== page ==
The Ministry of Food and Agriculture has urged smallholder farmers to use organic fertilizer in crop production in the wake of global fertilizer shortage.
This, the ministry said, was to mitigate the impact on crop production and farmers, increase yield and prevent a possible food shortage in the country.
Dr Owusu Afriyie Akoto, the Minister of Food and Agriculture, said this when he inaugurated the first board of the National Fertilizer Council, in Accra.
“We at the Ministry have a strategy to, at least, alleviate the full impact of what is happening which is to encourage farmers to apply organic fertilizer. We know that, for instance, poultry manure is being exported from this country to neighbouring countries who are using it in their farms.
“We should, therefore, be able to use this organic fertilizers locally to continue promoting our increase in the country,” he said.
The seven-member board, chaired by Nana Serwah Bonsu Amoako, Special Advisor, Ghana Fertilizer Expansion Programme at the Office of the President, has Mr Bentsil Quaye, the Acting Director, Plant Protection and Regulatory Services Directorate (PPRSD) and Mr Seth Osei-Akoto, the Director, Directorate of Crop Services at the Ministry, as members.
The rest are — Dr Edward Yeboah, the Director-General, Council for Scientific and Industrial Research — Savannah Agricultural Research Institute (CSIR-SARI), Mr Danquah Addo-Yobo, Representative from Yara Ghana,
Fertilizer Manufacturers and Importers, Mr John Awuku Dziwornu from National Farmers’ Association and Mr Ebenezer Appah-Sampong from the Environmental Protection Agency.
Prices of inorganic fertilizer on the world market are on record high since the turn of the year due to the rise in prices of raw materials such as ammonia, nitrogen, nitrates, phosphates and potash, the main components of fertilizer.
Russia which accounts for around 14 per cent of global fertilizer exports, has temporarily suspended outgoing trade since its invasion of Ukraine in early February this year, exacerbating the situation.
Dr Akoto said government’s effort in terms of transforming the country’s agriculture depended hugely on the use of fertilizer and improved seed, noting that, since it assumed office in 2017, it had increased the average of fertilizer application by Ghanaian farmers to about 25kg per hectare from an 8kg per hectare in 2016.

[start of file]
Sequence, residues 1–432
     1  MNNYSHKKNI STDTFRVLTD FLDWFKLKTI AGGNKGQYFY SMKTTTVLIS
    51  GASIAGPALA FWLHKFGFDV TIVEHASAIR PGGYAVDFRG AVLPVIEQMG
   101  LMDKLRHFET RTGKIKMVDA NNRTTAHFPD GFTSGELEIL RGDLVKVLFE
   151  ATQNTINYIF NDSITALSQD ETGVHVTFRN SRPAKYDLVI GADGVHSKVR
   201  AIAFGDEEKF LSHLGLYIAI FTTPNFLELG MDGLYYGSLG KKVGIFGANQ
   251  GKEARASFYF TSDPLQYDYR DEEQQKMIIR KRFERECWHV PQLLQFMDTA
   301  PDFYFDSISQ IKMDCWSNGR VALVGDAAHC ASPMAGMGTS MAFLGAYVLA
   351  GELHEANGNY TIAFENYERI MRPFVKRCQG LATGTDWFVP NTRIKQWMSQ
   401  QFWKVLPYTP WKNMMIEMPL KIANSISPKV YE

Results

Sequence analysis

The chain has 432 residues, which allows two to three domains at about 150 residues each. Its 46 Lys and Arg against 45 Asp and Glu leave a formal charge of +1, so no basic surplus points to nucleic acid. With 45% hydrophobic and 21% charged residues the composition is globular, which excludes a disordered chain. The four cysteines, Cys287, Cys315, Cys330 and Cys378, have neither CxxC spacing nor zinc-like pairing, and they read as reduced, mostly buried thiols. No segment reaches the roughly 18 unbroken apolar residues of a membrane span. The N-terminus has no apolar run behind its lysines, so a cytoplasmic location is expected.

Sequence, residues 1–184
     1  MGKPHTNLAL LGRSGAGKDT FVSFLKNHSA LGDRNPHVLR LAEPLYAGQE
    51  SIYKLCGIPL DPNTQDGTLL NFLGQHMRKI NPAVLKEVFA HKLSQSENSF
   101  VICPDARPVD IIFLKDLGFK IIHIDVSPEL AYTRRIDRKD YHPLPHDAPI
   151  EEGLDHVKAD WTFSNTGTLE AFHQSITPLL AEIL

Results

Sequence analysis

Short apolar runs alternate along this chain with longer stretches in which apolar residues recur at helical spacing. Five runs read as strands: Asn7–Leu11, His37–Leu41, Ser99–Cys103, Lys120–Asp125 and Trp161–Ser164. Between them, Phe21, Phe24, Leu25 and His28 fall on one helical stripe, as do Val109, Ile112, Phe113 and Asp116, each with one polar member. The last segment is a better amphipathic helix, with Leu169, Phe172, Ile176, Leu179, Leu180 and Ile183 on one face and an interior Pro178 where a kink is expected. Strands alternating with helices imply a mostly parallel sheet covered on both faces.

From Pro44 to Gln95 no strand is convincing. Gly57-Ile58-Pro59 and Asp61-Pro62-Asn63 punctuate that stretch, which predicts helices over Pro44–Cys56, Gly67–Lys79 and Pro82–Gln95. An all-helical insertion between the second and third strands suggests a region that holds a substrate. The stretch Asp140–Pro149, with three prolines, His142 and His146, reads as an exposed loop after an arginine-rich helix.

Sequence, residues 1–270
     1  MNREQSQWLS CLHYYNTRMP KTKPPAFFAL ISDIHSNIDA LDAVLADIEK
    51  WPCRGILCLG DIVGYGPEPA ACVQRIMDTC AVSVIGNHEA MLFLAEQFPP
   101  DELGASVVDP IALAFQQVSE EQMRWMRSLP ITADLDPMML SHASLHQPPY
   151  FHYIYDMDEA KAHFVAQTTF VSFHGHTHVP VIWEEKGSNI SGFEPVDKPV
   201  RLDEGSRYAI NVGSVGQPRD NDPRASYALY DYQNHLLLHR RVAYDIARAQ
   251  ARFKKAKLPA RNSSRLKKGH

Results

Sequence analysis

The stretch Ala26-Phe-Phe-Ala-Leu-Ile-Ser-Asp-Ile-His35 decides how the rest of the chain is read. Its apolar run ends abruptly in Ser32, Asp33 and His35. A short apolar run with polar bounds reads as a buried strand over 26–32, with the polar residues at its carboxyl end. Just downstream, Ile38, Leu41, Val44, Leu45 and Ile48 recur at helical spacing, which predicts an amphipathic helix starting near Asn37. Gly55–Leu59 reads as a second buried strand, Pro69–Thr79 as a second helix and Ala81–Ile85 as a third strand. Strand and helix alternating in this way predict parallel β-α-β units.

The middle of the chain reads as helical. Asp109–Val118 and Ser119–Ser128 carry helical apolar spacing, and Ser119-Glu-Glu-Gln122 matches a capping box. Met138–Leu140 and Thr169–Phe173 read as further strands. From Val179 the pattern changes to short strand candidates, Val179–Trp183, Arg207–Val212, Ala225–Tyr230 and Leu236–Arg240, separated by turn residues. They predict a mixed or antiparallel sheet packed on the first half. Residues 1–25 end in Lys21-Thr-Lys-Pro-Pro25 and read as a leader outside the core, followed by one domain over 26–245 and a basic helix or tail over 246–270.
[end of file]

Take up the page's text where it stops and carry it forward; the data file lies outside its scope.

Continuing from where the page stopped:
Despite this, Dr Akoto said, more needed to be done if the country was to achieve the ECOWAS’ target of 50kg per hectare, as well as the world average of 130kg per hectare.
“So although we have made a lot of efforts in bringing up the average application of fertilizer, we are still very far away from either the West African target of 50kg per hectare. We are only half of that,” he said.
Unfortunately, there is a setback in terms of what is happening on the world market, he said, noting that, in the last 18 months, world fertilizer market had turned upside down with huge shortage on the global market.
“Prices skyrocketing from $350 per metric ton of Urea for instance, landed at the port of Tema which went as high as $1,200 and started coming down but with the Ukraine crisis, I don’t know where it is now. So, we have a problem, that is in terms of availability and price,” he said.
Dr Akoto said, to mitigate the plight of farmers in the future, the Ministry was working assiduously with relevant agencies and private companies to fast track the construction of the fertilizer manufacturing plant for the country.
He said: “We have done that in collaboration with OCP which is the fertilizer company of Morocco. We’ve had a whole series of meetings and workshops and a lot of interactions and we have been talking to private companies, banks and so on.
“We should be able to attract the right investment to start the construction of a fertilizer plant in Ghana,” he said.
The Minister urged the board to put in place medium term solution to mitigate the plight of farmers as government strived for a long term solution to the problem.
Ms Amoako, the Chairperson of the board, assured the Minister of the Board’s readiness to find immediate to long term sustainable solutions to help farmers in the country.
“We will first work with the Ministry to implement its strategy to mitigate the current fertilizer crisis by promoting the use of organic fertilizers, including local poultry manure, which is cheaper and of equal quality,” she said.
She added that, in the long term, the board would help in the construction of a home-grown world scale fertilizer manufacturing plant, cushion the country against global fertilizer price shocks.
Ms Amoako said the board would update the Fertilizer Policy and Act to march trends in the sector.
By Benjamin A. Commey, GNA